Nivolumab Phase 3 study stopped early for efficacy

Great news – nivolumab, BMS’ PD-1 immune checkpoint control inhibitor was shown to prolong overall survival when used front-line in patients with advanced melanoma.  The study was stopped early, that is before it fully enrolled the planned number of patients, by an independent data monitoring committee because it was shown to be quite effective.

Most exciting is that this study (called Checkmate-066) was in front-line usage, that is before the patient failed other systemic therapies.  It was a randomized study comparing nivolumab versus the standard front-line therapy with dacarcazine, a DNA alkylating agent.

We have discussed immune checkpoint inhibitors before on this blog.  PD-1 is a molecule expressed in the surface of T-cells, which when binding to PD-L1, causes the T-cell to down-regulate, that is, to no longer mount an anti-tumor immune response.  This is a normal part of the second wave of cell mediated immunity.  Nivolumab is an antibody that binds to PD-1 and blocks it from interacting with PD-L1 (expressed on cancer cells and antigen presenting cells), which then prevents Cytotoxic T-cells from becoming down-regulated against the antigens expressed on the neighboring TCR (T-cell receptor) – see article.  Blocking a blocker allows the anti-tumor response (first wave) to proceed unabated, which in the context of cancer is the desired outcome.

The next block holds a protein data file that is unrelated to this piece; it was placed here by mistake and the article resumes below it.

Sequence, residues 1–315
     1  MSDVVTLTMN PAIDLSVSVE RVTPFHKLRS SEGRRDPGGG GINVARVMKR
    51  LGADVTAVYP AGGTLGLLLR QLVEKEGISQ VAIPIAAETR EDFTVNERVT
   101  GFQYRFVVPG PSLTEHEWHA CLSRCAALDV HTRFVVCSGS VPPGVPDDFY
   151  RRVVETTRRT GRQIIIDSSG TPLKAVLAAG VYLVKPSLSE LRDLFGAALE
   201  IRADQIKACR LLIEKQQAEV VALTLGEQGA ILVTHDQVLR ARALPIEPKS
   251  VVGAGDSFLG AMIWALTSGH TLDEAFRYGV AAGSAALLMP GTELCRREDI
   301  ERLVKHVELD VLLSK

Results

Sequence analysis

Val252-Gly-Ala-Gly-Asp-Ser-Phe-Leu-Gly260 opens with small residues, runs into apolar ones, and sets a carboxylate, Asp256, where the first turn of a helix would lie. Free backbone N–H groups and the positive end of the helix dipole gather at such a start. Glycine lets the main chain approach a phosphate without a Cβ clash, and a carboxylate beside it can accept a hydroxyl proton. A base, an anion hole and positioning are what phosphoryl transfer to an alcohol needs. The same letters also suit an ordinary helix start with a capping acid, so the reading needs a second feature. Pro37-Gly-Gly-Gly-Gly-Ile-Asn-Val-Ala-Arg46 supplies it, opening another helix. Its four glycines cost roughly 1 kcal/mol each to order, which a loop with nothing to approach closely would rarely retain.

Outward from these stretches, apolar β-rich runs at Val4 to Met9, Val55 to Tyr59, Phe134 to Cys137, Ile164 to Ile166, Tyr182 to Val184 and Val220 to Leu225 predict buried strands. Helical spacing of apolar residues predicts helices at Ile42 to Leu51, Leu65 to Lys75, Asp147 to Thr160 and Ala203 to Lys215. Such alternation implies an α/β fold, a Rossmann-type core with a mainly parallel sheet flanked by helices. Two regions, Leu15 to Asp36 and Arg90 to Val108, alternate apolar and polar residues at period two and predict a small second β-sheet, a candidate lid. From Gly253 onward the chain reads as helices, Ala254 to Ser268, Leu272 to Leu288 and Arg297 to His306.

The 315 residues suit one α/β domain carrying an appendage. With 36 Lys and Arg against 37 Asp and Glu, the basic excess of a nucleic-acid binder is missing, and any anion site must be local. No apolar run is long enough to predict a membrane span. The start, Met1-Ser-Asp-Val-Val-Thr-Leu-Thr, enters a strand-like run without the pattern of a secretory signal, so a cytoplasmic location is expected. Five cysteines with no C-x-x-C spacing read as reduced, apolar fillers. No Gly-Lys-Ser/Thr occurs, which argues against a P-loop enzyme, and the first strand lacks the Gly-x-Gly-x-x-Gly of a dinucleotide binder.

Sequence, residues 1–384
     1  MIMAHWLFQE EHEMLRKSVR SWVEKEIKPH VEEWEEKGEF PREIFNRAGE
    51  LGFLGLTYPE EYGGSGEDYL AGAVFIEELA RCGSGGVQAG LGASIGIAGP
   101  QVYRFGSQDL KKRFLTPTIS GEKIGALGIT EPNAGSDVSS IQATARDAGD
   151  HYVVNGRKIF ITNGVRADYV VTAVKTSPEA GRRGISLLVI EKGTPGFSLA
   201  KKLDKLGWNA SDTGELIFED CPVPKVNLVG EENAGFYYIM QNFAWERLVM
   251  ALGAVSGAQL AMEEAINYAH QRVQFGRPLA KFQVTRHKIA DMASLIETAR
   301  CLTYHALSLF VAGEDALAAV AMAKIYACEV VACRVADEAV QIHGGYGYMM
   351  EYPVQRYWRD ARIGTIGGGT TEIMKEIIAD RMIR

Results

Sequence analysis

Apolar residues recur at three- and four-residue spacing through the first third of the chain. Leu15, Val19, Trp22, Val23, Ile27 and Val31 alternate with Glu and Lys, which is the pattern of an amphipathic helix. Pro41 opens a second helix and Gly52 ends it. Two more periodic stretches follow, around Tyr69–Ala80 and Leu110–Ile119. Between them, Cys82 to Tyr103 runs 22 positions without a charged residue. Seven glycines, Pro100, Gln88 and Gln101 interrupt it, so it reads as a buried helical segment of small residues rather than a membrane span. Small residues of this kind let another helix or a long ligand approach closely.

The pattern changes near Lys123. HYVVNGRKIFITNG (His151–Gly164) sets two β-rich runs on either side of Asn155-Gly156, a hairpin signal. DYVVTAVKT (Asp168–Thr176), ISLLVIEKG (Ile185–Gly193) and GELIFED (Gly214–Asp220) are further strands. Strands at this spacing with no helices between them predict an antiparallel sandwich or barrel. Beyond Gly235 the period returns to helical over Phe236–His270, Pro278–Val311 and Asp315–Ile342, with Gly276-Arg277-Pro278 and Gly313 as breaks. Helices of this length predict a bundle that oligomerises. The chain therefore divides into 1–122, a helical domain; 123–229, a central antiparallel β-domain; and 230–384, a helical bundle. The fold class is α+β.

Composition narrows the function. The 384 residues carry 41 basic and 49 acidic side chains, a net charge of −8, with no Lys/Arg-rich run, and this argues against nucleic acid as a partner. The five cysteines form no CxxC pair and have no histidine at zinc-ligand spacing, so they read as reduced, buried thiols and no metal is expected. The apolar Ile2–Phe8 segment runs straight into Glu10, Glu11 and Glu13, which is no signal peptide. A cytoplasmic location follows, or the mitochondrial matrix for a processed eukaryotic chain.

PD-1 and cancer. A, ligation of T-cell PD-1 by tumor B7-H1 results in the downregulation of T-cell effector functions that destroy tumor tissue. B, blockade of this pathway by anti-PD-1 antibodies prevents this downregulation, and allows T cells to maintain their antitumor functionality and ability to mediate tumor cell death.